Fraud-accused ex-footballer boasted to retired player about ‘colossal sums’

A former Premier League star boasted of making “colossal sums” of money to another retired footballer who invested in his £15 million scam, a court has heard.

Ex-Charlton Athletic defender Richard Rufus, 47, allegedly claimed he was a successful foreign exchange trader to dupe friends, family members and associates.

Southwark Crown Court has heard he promised returns of 60% a year but lost money “hand over fist”, using other investors’ money to pay any returns in a pyramid scheme.

Former Chelsea defender Paul Elliott, 58, told jurors on Thursday he was on the board of Charlton’s charitable trust when Rufus was invited to become an ambassador after he was forced into retirement in 2004 with a knee injury.

Former Celtic footballer Paul Elliott
Former Celtic footballer Paul Elliott (PA)

He told the court he had learned of Rufus’s “methodology” in 2008 when he told him he had been trading for friends, family and members of his church.

“He had created his own design, his own style, his own intellectual property that enabled him to be very, very successful,” Mr Elliott said.

“Hence, he was clear to say he had made colossal sums of money for his church, for friends and family.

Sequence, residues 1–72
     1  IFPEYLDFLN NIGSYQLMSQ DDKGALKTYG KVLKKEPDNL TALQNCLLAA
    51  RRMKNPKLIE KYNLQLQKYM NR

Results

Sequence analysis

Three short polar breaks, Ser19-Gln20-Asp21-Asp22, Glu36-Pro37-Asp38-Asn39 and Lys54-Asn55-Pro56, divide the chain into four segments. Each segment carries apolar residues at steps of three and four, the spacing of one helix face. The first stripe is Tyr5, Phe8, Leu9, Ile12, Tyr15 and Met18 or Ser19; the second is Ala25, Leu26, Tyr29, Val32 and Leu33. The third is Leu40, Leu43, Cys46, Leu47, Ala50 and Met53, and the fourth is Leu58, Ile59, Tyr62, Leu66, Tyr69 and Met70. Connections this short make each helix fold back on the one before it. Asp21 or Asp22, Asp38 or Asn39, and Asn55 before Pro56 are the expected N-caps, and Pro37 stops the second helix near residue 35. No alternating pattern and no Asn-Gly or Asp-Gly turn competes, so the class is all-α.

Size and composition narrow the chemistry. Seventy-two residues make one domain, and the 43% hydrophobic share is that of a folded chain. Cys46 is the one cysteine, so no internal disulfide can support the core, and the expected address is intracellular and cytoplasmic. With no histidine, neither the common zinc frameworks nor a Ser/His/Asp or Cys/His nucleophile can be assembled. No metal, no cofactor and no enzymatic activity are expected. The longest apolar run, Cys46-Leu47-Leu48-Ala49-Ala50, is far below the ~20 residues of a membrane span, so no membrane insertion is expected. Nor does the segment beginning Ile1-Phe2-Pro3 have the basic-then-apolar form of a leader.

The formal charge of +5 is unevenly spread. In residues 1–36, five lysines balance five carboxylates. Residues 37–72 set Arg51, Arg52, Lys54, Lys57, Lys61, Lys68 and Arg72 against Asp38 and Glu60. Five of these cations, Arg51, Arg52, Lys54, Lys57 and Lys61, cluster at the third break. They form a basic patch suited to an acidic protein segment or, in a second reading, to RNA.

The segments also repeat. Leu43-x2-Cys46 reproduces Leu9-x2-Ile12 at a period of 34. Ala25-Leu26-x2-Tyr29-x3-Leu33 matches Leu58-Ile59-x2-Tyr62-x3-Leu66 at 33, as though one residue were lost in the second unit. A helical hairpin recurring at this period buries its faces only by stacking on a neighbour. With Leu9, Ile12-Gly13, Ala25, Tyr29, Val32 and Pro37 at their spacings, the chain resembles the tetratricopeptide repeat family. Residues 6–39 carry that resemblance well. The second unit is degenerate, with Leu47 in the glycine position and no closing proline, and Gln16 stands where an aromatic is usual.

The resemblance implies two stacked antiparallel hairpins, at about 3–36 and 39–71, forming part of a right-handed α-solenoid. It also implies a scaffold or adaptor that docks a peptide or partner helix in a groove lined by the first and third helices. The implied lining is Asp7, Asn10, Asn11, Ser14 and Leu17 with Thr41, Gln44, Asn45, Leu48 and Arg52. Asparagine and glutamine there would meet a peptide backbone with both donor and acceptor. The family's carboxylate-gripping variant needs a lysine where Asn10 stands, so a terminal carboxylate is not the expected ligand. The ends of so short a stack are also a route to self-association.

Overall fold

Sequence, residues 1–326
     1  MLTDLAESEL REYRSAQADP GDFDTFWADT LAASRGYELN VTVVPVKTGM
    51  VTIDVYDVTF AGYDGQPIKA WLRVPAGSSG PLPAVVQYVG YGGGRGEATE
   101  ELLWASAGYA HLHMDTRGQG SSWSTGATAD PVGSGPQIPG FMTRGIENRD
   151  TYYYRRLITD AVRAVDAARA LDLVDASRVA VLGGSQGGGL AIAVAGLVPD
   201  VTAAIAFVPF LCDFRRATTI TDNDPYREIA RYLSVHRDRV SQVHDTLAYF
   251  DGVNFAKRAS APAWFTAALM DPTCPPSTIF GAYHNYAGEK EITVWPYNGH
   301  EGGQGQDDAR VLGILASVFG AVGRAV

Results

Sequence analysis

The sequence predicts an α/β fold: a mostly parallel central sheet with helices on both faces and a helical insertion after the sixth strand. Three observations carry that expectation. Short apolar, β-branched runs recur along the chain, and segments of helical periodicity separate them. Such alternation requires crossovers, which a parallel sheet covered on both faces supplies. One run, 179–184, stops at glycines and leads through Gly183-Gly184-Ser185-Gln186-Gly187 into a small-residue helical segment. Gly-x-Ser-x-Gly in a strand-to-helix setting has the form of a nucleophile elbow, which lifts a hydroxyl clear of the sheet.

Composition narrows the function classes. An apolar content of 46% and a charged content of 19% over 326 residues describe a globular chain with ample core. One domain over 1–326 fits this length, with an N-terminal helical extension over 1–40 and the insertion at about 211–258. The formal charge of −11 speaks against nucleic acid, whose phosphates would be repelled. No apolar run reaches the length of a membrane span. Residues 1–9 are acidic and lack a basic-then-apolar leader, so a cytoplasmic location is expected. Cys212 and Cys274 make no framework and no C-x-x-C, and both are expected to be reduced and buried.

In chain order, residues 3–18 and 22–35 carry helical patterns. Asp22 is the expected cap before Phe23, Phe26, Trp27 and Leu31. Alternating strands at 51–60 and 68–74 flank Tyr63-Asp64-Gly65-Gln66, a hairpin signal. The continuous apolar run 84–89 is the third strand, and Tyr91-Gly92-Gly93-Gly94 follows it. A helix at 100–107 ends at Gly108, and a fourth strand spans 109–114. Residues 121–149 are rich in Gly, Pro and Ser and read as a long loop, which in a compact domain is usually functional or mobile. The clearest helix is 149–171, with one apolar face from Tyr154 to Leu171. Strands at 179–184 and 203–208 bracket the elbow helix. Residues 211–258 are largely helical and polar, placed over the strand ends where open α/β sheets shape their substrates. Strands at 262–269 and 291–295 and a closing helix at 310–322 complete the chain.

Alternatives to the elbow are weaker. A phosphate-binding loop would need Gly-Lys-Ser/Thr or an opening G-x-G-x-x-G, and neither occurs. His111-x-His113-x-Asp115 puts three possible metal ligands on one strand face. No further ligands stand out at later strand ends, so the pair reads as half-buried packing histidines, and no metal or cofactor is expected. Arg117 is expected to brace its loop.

“And he also said there were other professional colleagues he had made substantial funds for.”

Rufus claimed he had been “headhunted” by global financial firms including Barclays and Coutts Bank, and said other footballers had also invested with him, the witness said.

“He said obviously that was confidential,” Mr Elliott added.

“He just said other footballers I would be familiar with if he was to disclose them but obviously he protected their confidentiality.”

The court has previously heard Rufus told another investor that former England and Manchester United centre-back Rio Ferdinand, 44, had invested with him.

Mr Elliott paid Rufus a total of £425,000 between October 2008 and February 2011, getting back £460,000 but prosecutor Lucy Organ previously said the returns were not paid from successful trading but out of conning more people into investing in the scheme.

She said Rufus also used some of the total £15 million invested for his own purposes, enjoying the “trappings of wealth”, living in a big five-bedroom house on a private estate in Purley, south London, driving a Bentley and wearing a Rolex watch.

Rufus, from Crystal Palace, south-east London, denies three counts of fraud, using around £2 million in criminal property and carrying out a regulated activity without authorisation, between May 2007 and April 2012.

The trial continues.

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